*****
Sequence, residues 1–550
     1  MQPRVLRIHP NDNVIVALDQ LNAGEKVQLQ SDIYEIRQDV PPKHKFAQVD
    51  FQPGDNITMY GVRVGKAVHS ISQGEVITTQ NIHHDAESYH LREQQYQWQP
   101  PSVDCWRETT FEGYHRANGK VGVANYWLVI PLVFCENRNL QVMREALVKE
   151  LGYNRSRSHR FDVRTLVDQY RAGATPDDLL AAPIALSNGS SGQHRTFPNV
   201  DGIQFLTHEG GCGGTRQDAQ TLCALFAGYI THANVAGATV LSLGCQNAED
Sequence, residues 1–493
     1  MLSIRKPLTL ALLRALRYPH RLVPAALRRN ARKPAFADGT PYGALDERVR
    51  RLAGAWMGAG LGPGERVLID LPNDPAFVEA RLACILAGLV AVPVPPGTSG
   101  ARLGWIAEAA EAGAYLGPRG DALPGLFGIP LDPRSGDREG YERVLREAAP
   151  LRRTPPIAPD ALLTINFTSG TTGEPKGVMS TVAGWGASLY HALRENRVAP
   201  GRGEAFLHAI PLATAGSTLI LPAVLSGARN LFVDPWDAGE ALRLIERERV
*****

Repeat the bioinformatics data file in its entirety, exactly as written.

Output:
Sequence, residues 1–550
     1  MQPRVLRIHP NDNVIVALDQ LNAGEKVQLQ SDIYEIRQDV PPKHKFAQVD
    51  FQPGDNITMY GVRVGKAVHS ISQGEVITTQ NIHHDAESYH LREQQYQWQP
   101  PSVDCWRETT FEGYHRANGK VGVANYWLVI PLVFCENRNL QVMREALVKE
   151  LGYNRSRSHR FDVRTLVDQY RAGATPDDLL AAPIALSNGS SGQHRTFPNV
   201  DGIQFLTHEG GCGGTRQDAQ TLCALFAGYI THANVAGATV LSLGCQNAED
Sequence, residues 1–493
     1  MLSIRKPLTL ALLRALRYPH RLVPAALRRN ARKPAFADGT PYGALDERVR
    51  RLAGAWMGAG LGPGERVLID LPNDPAFVEA RLACILAGLV AVPVPPGTSG
   101  ARLGWIAEAA EAGAYLGPRG DALPGLFGIP LDPRSGDREG YERVLREAAP
   151  LRRTPPIAPD ALLTINFTSG TTGEPKGVMS TVAGWGASLY HALRENRVAP
   201  GRGEAFLHAI PLATAGSTLI LPAVLSGARN LFVDPWDAGE ALRLIERERV